N-NO3:SRP molar ratio expressed an extreme P-limitation in the first 20–30 cm of the water column. If we consider that the optimal Redfield N:P ratio for phytoplankton is 16 and macroalgae have values around 30 (Atkinson and Smith, 1982), the water column did not bring nutrients in a physiologically balanced ratio for C. linum. Hence, P availability might have constituted a limiting factor for achieving the physiologically necessary tissue ratio. However, C. linum, although it is not a nitrophilous species and prefers to accumulate P, is rarely considered to be nutrient-limited even for the latter, unless subject to prolonged nutrient scarcity (Lavery et al., 1991). This may mean the times in which the orthophosphates managed to reach the surface of the water column were sufficient to allow adequate storage of P in the over-layer mat thalli by a very efficient uptake.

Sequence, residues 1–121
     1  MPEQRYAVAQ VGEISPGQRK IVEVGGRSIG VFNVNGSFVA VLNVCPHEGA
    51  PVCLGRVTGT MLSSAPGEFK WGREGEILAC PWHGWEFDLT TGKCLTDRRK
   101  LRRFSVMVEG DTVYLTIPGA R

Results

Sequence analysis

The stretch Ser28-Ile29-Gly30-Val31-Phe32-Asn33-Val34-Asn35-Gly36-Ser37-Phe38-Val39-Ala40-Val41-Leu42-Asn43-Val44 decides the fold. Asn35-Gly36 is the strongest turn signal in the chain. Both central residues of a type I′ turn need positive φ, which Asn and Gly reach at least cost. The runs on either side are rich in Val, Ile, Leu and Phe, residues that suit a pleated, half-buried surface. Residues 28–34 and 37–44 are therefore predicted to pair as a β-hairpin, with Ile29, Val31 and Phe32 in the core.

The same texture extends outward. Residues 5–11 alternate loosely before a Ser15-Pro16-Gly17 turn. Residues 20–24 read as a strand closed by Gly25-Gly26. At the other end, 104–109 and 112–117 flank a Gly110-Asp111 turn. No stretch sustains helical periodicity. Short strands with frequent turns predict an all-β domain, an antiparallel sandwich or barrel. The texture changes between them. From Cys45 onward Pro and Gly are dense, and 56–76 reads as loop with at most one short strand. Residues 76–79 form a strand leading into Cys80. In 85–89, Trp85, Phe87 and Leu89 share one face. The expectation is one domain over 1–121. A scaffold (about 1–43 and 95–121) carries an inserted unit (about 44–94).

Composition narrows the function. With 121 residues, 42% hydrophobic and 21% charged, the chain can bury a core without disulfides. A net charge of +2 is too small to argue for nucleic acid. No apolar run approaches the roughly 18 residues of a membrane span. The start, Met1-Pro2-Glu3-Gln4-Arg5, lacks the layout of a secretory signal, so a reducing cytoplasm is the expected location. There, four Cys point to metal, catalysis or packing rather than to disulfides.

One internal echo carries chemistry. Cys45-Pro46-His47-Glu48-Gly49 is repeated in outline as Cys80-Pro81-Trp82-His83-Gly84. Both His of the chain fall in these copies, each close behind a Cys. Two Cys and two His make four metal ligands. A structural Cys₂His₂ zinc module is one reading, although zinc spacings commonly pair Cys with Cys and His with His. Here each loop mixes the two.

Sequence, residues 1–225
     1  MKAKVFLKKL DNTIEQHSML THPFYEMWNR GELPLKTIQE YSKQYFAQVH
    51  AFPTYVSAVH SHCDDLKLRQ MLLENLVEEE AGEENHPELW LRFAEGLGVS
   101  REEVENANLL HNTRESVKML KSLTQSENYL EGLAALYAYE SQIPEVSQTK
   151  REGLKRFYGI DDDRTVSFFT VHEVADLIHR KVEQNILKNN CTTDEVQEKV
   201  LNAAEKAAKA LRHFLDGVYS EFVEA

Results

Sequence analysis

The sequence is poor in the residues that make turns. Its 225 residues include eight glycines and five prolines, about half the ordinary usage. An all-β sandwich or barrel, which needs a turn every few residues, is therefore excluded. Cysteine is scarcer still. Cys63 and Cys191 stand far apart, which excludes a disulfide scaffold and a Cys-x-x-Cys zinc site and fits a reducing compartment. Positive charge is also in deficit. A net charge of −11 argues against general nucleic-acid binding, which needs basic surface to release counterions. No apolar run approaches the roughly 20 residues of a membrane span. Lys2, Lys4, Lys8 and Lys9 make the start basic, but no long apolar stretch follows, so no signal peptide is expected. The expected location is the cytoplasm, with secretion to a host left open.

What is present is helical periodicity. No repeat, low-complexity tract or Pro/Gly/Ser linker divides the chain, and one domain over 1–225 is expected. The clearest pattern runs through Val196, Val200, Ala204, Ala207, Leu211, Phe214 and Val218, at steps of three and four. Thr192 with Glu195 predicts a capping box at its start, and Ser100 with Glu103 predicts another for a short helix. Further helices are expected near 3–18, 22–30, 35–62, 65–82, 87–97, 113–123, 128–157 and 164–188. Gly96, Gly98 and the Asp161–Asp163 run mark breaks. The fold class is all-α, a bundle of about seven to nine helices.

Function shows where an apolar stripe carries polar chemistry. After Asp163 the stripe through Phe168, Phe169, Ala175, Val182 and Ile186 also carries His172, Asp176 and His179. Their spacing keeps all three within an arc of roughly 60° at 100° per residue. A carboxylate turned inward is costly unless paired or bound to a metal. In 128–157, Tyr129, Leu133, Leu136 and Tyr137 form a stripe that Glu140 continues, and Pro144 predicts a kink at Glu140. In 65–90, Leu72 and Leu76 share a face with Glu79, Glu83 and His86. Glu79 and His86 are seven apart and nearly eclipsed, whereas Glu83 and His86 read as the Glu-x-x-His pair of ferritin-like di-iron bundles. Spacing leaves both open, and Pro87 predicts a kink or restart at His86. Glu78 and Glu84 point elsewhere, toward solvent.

The biomass showed consistently high values (Tab. 3), which, in some areas, as a consequence of the wind pressure on the mat, exceeded 30 kgWW m−2. Biomass also varied seasonally with winter minimums and spring maximums, to which must be added the effects of anthropic interventions that aimed to mitigate the problem (Lenzi et al., 2017), and more or less extensive summer dystrophic events. Consequently, LOM values were consistently very high (Tab. 4), with peaks greater than 20%. High mat biomass and high LOM established constant anaerobic condition in the sediments which in the spring-summer period led to the release of AVS up to 30–40 cm from the bottom (detected in the field by injecting a few drops of FeCl2 solution at different depths). The high density created a permanent extreme condition, which did not lead to the collapse of the mat, but allowed its self-regeneration and probably freed it from competition with other species.